Diabetes can affect sight. If you have diabetes mellitus, your body does not use and store sugar properly. High blood-sugar levels can damage blood vessels in the retina, the nerve layer at the back of the eye that senses light and helps send images to the brain. The damage to retinal vessels is referred to as diabetic retinopathy.
There are two types of diabetic retinopathy: nonproliferative diabetic retinopathy (NPDR) and proliferative diabetic retinopathy (PDR).
A medical eye examination is the only way to detect changes inside your eye. The best treatment is to prevent the development of retinopathy as much as possible. Strict control of your blood sugar will significantly reduce the long-term risk of vision loss from diabetic retinopathy.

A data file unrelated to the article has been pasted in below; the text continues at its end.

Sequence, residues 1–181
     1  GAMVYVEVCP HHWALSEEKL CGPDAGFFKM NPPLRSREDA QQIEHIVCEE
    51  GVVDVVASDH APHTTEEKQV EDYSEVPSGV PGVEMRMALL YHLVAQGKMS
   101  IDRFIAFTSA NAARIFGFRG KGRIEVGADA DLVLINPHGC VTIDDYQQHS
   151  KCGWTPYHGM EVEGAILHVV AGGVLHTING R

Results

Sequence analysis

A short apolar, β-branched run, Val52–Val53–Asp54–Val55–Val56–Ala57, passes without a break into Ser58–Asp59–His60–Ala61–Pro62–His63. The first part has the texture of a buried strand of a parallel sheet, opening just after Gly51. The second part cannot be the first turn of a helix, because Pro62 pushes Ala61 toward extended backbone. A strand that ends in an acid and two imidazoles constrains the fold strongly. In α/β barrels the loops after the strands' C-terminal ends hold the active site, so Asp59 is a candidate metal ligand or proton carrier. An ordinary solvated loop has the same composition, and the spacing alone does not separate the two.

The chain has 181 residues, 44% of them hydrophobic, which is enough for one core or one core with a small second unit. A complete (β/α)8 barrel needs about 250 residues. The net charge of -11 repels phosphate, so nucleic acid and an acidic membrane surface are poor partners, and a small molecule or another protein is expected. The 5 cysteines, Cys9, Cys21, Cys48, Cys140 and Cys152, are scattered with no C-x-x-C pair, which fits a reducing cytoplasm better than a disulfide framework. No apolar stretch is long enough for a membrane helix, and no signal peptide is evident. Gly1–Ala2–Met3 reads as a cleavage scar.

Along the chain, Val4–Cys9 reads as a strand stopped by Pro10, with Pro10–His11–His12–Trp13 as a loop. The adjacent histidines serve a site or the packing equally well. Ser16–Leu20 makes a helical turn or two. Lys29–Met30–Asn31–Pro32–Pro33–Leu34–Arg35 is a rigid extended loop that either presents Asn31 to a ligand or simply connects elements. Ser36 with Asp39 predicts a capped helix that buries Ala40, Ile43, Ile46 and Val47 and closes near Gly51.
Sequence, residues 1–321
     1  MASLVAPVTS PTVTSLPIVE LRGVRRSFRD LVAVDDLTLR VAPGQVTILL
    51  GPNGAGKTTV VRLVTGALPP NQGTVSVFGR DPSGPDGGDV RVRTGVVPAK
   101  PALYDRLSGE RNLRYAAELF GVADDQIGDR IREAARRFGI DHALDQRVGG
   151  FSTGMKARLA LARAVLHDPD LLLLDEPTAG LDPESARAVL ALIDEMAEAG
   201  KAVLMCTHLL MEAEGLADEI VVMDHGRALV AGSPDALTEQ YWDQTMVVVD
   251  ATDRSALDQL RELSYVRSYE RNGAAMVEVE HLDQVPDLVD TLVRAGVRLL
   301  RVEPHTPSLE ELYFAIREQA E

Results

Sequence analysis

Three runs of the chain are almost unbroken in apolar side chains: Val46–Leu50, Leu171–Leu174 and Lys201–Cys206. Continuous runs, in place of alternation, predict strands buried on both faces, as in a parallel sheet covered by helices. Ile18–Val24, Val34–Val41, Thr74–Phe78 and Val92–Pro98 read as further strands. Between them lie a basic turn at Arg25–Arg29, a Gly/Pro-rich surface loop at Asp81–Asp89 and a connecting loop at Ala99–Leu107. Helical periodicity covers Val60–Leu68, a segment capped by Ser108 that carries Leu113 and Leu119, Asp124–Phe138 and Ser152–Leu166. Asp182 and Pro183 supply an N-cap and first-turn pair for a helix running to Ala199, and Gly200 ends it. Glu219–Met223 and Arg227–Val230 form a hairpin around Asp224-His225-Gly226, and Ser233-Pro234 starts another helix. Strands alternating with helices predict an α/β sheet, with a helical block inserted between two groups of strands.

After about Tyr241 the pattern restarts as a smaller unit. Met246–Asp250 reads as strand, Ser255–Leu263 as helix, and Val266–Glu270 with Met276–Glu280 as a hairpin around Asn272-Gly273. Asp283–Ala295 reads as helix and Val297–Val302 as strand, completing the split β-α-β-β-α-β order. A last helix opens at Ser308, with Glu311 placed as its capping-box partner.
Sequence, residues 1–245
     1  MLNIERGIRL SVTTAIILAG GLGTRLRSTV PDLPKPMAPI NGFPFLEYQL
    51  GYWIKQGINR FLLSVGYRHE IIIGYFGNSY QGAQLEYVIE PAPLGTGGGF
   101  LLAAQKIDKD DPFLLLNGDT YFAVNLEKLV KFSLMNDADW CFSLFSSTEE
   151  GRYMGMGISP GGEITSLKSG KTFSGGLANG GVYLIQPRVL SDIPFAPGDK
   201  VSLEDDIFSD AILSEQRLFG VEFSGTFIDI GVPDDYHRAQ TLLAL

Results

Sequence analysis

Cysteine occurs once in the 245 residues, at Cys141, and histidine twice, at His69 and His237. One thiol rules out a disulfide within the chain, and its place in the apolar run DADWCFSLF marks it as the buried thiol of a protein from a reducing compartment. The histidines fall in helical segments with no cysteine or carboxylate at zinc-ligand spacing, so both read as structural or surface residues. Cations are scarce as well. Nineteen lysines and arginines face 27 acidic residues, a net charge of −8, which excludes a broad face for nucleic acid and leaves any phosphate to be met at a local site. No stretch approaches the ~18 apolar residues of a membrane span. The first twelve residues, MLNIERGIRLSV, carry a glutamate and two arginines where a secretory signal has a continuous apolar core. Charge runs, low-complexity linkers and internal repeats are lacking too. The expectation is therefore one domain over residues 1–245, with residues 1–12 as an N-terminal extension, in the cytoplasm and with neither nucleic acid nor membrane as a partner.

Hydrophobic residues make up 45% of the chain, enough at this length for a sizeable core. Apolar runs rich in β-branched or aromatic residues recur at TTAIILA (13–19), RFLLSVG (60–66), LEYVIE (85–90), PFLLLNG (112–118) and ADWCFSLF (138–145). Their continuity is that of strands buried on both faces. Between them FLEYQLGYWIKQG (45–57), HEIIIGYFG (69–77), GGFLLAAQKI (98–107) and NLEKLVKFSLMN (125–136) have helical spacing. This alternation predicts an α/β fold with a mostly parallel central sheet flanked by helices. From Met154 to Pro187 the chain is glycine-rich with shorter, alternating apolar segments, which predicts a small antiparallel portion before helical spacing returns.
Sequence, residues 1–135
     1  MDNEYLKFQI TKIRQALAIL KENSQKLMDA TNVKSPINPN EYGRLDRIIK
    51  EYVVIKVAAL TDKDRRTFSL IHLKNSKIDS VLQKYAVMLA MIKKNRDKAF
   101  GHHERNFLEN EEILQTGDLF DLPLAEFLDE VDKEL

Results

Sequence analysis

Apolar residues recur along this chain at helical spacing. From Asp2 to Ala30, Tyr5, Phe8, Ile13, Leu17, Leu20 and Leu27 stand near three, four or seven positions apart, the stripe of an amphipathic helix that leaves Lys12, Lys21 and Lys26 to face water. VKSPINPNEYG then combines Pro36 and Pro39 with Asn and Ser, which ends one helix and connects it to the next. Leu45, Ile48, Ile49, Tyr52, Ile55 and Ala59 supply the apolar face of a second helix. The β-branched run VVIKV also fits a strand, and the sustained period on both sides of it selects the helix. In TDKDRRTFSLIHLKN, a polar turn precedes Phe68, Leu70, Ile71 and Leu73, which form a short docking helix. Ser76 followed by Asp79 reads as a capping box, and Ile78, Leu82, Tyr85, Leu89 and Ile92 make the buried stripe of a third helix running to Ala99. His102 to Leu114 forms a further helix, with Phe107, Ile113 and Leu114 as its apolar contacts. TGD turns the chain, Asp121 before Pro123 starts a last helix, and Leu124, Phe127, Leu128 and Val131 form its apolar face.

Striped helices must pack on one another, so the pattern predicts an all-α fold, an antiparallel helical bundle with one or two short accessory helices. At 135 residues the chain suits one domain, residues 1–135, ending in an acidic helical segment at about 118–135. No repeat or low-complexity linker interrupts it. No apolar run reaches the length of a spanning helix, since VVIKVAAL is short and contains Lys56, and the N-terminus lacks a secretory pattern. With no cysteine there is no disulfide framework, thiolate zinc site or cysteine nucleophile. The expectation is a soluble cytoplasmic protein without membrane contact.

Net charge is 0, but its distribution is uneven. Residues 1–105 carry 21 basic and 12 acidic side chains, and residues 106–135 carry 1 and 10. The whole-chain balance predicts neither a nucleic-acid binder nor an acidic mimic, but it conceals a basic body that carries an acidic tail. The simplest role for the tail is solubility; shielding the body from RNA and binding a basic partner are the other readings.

Laser surgery is often recommended for people with macular edema (swelling of a small area in the center of the retina) and neovascular glaucoma (abnormal growth of new vessels on the surface of the retina).
Vitrectomy is a microsurgical procedure performed in an operating room. The blood filled vitreous is removed and replaced with a clear solution. Surgery should usually be done early because macular distortion or retina detachment will cause permanent vision loss.